Belarus opens the country's first School of Creative Industries supervised by MSSES graduate

Belarus opens the country's first School of Creative Industries supervised by MSSES graduate

In September, the first Belarusian School of Creative Industries will open in Minsk supervised by Alina Derevyanko, a MSSES graduate. We asked her about what the Belarusian creative industries are, what distinguishes creative business from other types of entrepreneurship, and why it is necessary to learn from those who have already scored bumps along the way.

The leading areas of creative industries in Belarus closely overlap with the IT sector. It has the most competitive salaries, the best conditions in the labor market — working in IT is equivalent to ideas about well-being and success, whether you work as a game designer or a tester.

IT companies have a significant impact on the country's economy. Perhaps the most famous is Wargaming, an online game developer with offices around the world, 4,000 employees, hundreds of millions of dollars in profits annually, and a head office in Minsk. Therefore, the state supports this sphere - there are tax incentives for IT startups, there is a High-tech Park in Minsk, whose residents are exempt from traditional bureaucratic relations with the system, etc.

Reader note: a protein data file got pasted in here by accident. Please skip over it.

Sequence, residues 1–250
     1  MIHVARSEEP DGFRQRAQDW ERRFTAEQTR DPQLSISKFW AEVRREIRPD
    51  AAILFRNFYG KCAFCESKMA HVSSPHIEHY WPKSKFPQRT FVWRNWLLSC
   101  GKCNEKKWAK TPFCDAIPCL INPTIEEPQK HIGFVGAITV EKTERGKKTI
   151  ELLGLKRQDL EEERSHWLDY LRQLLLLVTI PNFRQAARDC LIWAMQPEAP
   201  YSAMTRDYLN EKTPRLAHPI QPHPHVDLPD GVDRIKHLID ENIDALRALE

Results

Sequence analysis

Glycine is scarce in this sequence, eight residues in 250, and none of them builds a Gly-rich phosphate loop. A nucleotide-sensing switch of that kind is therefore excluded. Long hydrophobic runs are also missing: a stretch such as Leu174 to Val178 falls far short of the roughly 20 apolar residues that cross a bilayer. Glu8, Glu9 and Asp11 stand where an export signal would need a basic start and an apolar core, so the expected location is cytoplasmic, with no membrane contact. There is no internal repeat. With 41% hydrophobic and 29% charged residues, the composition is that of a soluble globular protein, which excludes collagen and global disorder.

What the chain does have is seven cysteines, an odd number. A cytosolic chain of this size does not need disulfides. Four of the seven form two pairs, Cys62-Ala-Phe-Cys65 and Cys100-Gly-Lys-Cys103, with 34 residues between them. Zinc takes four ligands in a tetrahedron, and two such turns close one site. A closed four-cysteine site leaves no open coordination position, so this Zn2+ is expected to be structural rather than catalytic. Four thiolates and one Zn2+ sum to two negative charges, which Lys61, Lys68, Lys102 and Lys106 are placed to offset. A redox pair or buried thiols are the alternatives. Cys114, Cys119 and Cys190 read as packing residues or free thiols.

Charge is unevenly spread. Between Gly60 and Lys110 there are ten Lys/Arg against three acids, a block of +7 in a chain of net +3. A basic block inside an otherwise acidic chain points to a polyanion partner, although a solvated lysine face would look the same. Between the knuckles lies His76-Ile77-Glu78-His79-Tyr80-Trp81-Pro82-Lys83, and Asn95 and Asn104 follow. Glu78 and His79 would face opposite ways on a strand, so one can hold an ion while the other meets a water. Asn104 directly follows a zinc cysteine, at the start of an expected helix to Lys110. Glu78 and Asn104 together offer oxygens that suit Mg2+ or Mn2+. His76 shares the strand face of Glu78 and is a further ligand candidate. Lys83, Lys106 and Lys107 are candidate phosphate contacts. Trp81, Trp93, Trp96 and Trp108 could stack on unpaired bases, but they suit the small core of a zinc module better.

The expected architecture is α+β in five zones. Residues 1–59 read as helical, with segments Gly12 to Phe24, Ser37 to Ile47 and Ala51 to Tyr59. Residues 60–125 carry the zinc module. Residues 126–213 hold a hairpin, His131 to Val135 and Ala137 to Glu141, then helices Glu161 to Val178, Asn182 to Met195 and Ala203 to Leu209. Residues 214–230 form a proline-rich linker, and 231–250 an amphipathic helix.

But there is no concept of creative industries in the Belarusian legislation. This area lies somewhere between the Ministry of Culture and the Ministry of Economy. In 2015-2018, Belarus, along with 5 other countries, implemented a large European program "Culture and Creativity" - its goal was to show different stakeholders that such an industry exists, that it is promising and therefore it`s worth defining it at the legislative level, developing an official policy on creative industries and calculating their contribution to the economy.